Such upgrades include a remote start feature, fog lamps, bose speakers, rear seat entertainment systems, and more.

The SLT1 and SLT2 are both a step above the SLE trims when it comes to entertainment and even safety features.

The SLT1 includes a more premium Bose 8-speaker entertainment system and the “Driver Alert Package 1”, which includes multiple safety features.

The SLT2 has all of the aforementioned features plus “IntelliBeam” headlamps, Front Pedestrian Detection and Braking, and Low-Speed Forward Automatic Braking, among others.

All SLE and SLT trim levels of this generation of the Acadia have an available “All-Terrain Package”, which included the option to completely remove the third-row seat for more space.

For the 2022 model year, both the SLE and SLT trims share the same 2-liter turbocharged inline-4 (I4) engine as the standard option.

The engine on the SLT trims, however, can be upgraded to a bigger 3.6-liter V6 engine. It’s mated to the same 9-speed automatic transmission as the 2-liter engine.

GMC Canyon

The GMC Canyon is GMC’s mid-size pickup truck that is actually closely related to the Chevrolet Colorado.

The GMC Canyon also had SLE and SLT trims, but they were replaced by other newer trim levels for the 2021 model year.

Hence, we will be only focusing on the generations and model years that the GMC Canyon had these two trim levels.

1st-Generation GMC Canyon (2004 to 2012)

The 1st-generation GMC Canyon had a total of five SLE trims (SLE1, SLE2, SLE3, SLE Z85, and SLE Z71) and one SLT trim just simply named “SLT” throughout the years.

To avoid getting too unnecessarily complicated with the numerous trims for each specific model year, we’ll be summarizing their differences by providing more general descriptions.

The SLE trims were mainly powered by either a 2.9-liter I4, a 2.8-liter I4, a 3.5-liter I5, or a 3.7-liter I5 engine, depending on the model year.

These engines were fitted with either a 4-speed automatic or 5-speed manual transmission, depending on the specific one.

The SLT trim, which was first introduced in 2006, used either a 3.5-liter I5 or 3.7-liter I5 engine only.

These engines on the SLT trim were only available with automatic transmission for every model year that the trim was offered.

When it came to the interior materials, the SLE trims received “Deluxe Cloth” while the SLT trims had “Deluxe Leather” instead. Both of these came in either Ebony or Light Tan colors.

Other features such as Keyless Entry and an additional “Chrome Accessory Package” were only available in newer SLT trims.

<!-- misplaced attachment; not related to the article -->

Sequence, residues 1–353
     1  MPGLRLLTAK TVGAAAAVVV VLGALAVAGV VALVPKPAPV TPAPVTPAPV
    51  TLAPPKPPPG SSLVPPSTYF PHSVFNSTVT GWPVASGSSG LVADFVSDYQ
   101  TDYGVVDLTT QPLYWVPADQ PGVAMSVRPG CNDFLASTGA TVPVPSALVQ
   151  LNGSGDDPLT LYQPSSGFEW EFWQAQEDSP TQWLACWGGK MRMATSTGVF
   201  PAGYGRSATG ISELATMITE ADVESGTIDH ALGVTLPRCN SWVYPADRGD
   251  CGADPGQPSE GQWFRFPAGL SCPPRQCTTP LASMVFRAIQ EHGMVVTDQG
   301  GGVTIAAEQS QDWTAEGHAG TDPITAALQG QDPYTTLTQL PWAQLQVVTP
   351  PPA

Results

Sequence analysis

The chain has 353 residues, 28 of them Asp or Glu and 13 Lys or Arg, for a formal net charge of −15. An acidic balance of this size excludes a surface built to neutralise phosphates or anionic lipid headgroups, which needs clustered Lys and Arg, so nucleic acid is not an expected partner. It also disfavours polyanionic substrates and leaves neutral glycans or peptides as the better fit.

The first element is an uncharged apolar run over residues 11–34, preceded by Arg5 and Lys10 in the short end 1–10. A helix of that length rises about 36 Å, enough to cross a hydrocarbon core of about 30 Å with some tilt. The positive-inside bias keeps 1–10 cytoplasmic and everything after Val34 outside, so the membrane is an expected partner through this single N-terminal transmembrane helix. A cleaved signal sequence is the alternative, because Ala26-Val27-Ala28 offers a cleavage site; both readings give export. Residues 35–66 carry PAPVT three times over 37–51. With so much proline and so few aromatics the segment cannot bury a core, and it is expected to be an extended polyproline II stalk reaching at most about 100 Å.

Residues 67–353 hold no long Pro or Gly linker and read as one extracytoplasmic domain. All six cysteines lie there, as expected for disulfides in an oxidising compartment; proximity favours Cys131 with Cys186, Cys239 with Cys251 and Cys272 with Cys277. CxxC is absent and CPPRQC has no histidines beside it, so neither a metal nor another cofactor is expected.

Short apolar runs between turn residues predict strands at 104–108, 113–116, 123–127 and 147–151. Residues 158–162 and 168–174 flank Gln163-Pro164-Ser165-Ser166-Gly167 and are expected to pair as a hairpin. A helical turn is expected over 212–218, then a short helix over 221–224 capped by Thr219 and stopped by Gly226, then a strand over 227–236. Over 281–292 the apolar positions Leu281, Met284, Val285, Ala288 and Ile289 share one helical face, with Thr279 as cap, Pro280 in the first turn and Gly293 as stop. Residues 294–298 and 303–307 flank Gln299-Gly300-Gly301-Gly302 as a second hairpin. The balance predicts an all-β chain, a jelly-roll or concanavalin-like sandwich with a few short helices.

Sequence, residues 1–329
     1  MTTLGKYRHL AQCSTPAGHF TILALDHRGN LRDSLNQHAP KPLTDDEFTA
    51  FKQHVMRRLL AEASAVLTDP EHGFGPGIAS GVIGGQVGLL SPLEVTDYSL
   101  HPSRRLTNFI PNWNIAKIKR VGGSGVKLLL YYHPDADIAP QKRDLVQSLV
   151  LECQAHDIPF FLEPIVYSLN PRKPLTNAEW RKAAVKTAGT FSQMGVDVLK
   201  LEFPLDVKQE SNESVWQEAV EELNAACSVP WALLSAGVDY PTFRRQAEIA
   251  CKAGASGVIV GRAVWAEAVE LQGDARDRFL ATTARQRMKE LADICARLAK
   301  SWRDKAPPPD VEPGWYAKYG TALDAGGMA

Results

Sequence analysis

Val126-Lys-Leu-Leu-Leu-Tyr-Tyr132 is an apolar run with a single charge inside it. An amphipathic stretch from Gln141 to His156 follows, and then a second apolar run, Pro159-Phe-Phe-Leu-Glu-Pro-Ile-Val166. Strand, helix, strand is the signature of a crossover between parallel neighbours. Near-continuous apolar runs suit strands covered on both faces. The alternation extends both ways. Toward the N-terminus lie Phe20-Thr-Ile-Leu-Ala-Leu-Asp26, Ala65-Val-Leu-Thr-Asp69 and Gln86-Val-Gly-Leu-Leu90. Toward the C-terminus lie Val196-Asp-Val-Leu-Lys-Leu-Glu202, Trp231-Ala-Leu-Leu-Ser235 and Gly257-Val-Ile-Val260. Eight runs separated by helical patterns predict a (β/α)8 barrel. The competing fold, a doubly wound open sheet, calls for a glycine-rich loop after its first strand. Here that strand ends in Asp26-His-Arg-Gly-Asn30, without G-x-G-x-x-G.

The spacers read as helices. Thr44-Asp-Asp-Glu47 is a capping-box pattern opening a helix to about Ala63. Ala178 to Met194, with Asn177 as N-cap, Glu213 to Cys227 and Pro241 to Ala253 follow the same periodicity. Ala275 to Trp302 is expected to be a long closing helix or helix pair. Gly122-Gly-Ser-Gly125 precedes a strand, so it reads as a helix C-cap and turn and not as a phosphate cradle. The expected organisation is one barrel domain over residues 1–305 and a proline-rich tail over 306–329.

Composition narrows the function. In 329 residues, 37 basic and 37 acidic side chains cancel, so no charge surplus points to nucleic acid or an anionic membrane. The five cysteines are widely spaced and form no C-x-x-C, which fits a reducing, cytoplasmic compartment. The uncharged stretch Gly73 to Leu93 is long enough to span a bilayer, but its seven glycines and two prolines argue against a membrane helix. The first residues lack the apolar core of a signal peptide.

2nd-Generation GMC Canyon (2012 to 2020 Only)

The SLT and SLE trims for the 2nd-generation GMC Canyon were only available until their discontinuation for the 2021 model year.

For the 2020 model year, the SLE trim had several extra features apart from most of the specs that the “Canyon” trim already had.

Such features included an HD rear vision camera, a Keyless Entry keypad, 4G LTE Wi-Fi Hotspot capability, Bose Premium Audio, 17-inch Bright Silver aluminum wheels, and more.

The SLT trim further kicks it up a notch by including upgraded 18-inch polished cast aluminum wheels, Jet Black leather-appointed seats, and chrome-heated power mirrors.

Both the SLE and SLT trims were offered with three different engines, which included a 2.5-liter I4, a 3.6-liter V6, and a 2.8-liter turbodiesel I4 engine.

The 2.5-liter and 2.8-liter engines were both mated to a 6-speed automatic, while the 3.6-liter V6 engine had its own 8-speed automatic transmission.

GMC Sierra (1500/2500HD/3500HD)

The GMC Sierra is the closest relative to Chevrolet’s own Silverado pickup truck. Just like the Silverado, the GMC Sierra is also offered in several categories depending on the intended use.

But while the Silverado has its own trim level-naming scheme, the GMC Sierra sticks to its SLE and SLT trims just like the other GMC vehicles featured in this article.

GMC Sierra 1500

Starting off with the lightest of them all, the GMC Sierra 1500 has both SLE and SLT trims as part of its six-trim lineup.

The SLE is the second lowest trim level just right after the “base” trim. The SLT, however, sits right in the middle between the “Elevation” and “AT4” trims for the Sierra 1500.

The SLE trim comes standard with a 2.7-liter turbocharged I4 engine, but this can be upgraded to an optional 3-liter I6 Duramax turbodiesel engine.

The SLT trim, in comparison, is equipped with a 5.3-liter V8 engine. However, the same 3-liter I6 engine mentioned above and a larger 6.2-liter V8 engine are also available options.

The Gross Vehicle Weight Rating (GVWR), which is the weight of the vehicle combined with additional passenger and cargo weight, also differs between the two trims.